– Third quarter: Cousins hits K.J. Osborn with a pass down to about the Detroit 15. Like, literally hits him in the helmet because he wasn’t looking. The ball bounces up, gets intercepted, and the lead stays at seven.

– Fourth quarter: Greg Joseph leaves a 49-yard field goal short. The kick was perfectly straight, and he had makes from 54 and 55 yards. The game remains a one-possession game.

The Vikings shot themselves in the foot with unnecessary mistakes. So instead of an insightful, game-changing play, for pure entertainment’s sake, here is one of my favorite plays of the season: Mattison’s 15-yard touchdown reception.

Mattison takes a short crossing route down to about the two where he is stood up by multiple defenders. Then the magic happens. Enjoy Ezra Cleveland and Garrett Bradbury going bowling for Lions. They come in full speed and blast about six dudes into the end zone.

Chef’s kiss.

Related: Analyzing the Minnesota Vikings’ effectiveness on scripted drives in 2021

Positional grades for the Vikings from Week 5

So despite learning very little from this game, I’ll still add my scoring for each team group (reminder ranging from -2 to +2 with no 0’s assigned). I want to come back to this at the end of the series to see how we are set up for 2022.

Passing offense: The passing game carried the offense, but I’m not rating it that highly because I felt they left too many opportunities on the table. Cousins’ completion percentage was one of the highest of the season, but watching the game he was less accurate than usual, missing on a few passes or making easy completions hard. Overall, there were too many opportunities left on the field. But the passing game did generate most of the offense and came through when it mattered, so it gets a + rating.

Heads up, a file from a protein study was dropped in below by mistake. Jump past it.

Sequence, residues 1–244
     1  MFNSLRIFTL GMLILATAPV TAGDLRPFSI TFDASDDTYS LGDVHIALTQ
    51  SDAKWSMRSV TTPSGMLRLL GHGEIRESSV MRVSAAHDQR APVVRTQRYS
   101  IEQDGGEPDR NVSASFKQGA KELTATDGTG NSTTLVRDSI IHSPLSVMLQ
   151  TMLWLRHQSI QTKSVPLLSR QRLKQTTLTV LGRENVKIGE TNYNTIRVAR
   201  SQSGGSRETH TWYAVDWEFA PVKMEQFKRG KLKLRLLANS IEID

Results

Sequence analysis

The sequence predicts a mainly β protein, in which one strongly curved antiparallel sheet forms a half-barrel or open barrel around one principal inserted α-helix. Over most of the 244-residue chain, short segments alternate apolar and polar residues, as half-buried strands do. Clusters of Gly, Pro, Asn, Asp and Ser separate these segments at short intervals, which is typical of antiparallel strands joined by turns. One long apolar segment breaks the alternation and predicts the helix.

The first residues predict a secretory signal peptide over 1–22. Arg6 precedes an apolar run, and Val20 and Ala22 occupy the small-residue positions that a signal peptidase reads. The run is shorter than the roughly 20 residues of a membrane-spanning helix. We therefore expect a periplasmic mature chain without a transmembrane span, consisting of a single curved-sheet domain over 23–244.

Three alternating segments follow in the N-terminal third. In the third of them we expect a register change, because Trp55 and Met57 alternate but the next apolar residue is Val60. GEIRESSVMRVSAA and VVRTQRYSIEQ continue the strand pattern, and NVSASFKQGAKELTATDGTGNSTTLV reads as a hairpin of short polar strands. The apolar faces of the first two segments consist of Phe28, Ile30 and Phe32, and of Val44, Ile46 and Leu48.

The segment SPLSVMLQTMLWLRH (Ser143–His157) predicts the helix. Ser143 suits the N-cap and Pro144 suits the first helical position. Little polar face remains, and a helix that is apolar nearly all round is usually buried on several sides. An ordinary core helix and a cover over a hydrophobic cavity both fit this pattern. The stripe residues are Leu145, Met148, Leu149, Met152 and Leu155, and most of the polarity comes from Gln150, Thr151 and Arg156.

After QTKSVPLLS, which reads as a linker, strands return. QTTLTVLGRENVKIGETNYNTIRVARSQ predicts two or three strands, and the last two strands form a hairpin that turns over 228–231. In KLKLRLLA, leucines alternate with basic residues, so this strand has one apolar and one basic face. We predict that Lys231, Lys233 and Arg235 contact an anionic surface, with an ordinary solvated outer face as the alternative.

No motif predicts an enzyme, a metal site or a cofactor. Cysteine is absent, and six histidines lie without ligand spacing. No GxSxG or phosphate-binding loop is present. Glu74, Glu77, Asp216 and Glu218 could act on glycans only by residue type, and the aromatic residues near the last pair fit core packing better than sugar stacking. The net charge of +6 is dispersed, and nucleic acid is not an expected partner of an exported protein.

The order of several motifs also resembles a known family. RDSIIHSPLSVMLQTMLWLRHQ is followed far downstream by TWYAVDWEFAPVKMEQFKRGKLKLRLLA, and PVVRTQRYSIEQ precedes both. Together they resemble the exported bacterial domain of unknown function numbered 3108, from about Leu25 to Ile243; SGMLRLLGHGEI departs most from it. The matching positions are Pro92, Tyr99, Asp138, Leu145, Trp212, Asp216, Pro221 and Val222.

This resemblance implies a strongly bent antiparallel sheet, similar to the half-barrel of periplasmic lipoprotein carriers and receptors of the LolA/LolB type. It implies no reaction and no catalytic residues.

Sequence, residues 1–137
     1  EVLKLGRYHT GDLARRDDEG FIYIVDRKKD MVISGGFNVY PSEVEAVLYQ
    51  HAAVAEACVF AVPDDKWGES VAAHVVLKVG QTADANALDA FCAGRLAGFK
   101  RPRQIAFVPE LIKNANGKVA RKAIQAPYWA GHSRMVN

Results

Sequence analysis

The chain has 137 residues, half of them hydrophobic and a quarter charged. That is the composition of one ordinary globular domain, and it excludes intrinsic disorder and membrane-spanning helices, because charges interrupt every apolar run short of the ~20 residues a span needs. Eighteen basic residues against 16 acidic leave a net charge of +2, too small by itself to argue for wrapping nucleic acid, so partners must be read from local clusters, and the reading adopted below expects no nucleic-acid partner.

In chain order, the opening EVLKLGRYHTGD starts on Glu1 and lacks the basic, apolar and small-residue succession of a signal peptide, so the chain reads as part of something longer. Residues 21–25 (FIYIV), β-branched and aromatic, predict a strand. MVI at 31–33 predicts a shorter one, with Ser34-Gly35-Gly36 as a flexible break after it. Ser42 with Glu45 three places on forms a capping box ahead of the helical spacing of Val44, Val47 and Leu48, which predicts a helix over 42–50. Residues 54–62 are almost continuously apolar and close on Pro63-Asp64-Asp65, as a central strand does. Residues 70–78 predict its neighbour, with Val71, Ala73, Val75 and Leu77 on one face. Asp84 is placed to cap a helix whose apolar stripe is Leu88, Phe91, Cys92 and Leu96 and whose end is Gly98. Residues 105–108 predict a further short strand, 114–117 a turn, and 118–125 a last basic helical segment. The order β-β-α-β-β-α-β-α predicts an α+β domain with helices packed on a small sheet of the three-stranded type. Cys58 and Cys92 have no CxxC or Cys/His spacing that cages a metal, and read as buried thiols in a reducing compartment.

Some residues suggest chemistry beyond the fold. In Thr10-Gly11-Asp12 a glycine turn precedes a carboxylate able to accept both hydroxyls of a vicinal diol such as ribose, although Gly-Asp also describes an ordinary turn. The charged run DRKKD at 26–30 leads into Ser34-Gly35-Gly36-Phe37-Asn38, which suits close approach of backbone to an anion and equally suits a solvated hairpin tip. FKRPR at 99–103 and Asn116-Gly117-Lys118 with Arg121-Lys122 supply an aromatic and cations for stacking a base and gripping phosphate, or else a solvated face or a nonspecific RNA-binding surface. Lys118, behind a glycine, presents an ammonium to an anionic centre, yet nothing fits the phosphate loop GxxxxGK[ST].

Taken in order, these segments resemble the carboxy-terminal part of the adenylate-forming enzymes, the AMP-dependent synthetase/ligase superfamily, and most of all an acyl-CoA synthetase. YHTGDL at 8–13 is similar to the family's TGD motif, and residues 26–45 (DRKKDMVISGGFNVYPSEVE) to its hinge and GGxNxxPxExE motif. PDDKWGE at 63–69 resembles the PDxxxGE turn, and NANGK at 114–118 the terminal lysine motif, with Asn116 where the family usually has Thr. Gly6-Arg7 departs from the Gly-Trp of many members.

Game score: +1 (cumulative season to date: +3)

Rushing offense: As I watched the running game, it didn’t feel like the Vikings were facing the 29th defense in yardage; the Vikings’ offensive line wasn’t dominating the way I would expect. Mattison’s box score looks good: 25/113 yards for a 4.5 yards-per-carry average. However, other than his 48-yard run, he averaged only 2.7 yards per carry. But you can’t take away the big plays! I’m not ignoring it, for scoring purposes, I’m canceling out the 48-yard run with the fumble that nearly cost the team the game – and what’s left is very uninspiring.

Game score: -1 (cumulative season to date: -1)

Pass defense: For a unit that gave up only 203 yards passing, no touchdowns, one interception and four sacks, this game didn’t really blow me away. It seemed like Jared Goff would see: clean pocket, clean pocket, clean pocket, bum’s rush from three defensive linemen. There were some great individual plays that turned this from a negative to a positive performance. Also, Goff had a really poor game, missing on some throws that were clearly open, no credit to the Vikings for an opponent playing poorly.

Game score: +1 (cumulative season to date: +5)

Run defense: This was okay. If I allowed myself to give a “0” rating I would hand one out to the run defense in this game. The tie-breaker is what did Detroit do when they were gifted a chance to win? Run-pass-rushing touchdown. 

Game Score: -1 (cumulative season to date: -1)

Special teams: I thought my rule was a positive rating if you win the game on special teams? Well … not if you miss a chance to ice the game three minutes earlier. The Vikings had no returns to speak of.

Game score: -1 (cumulative season to date +0)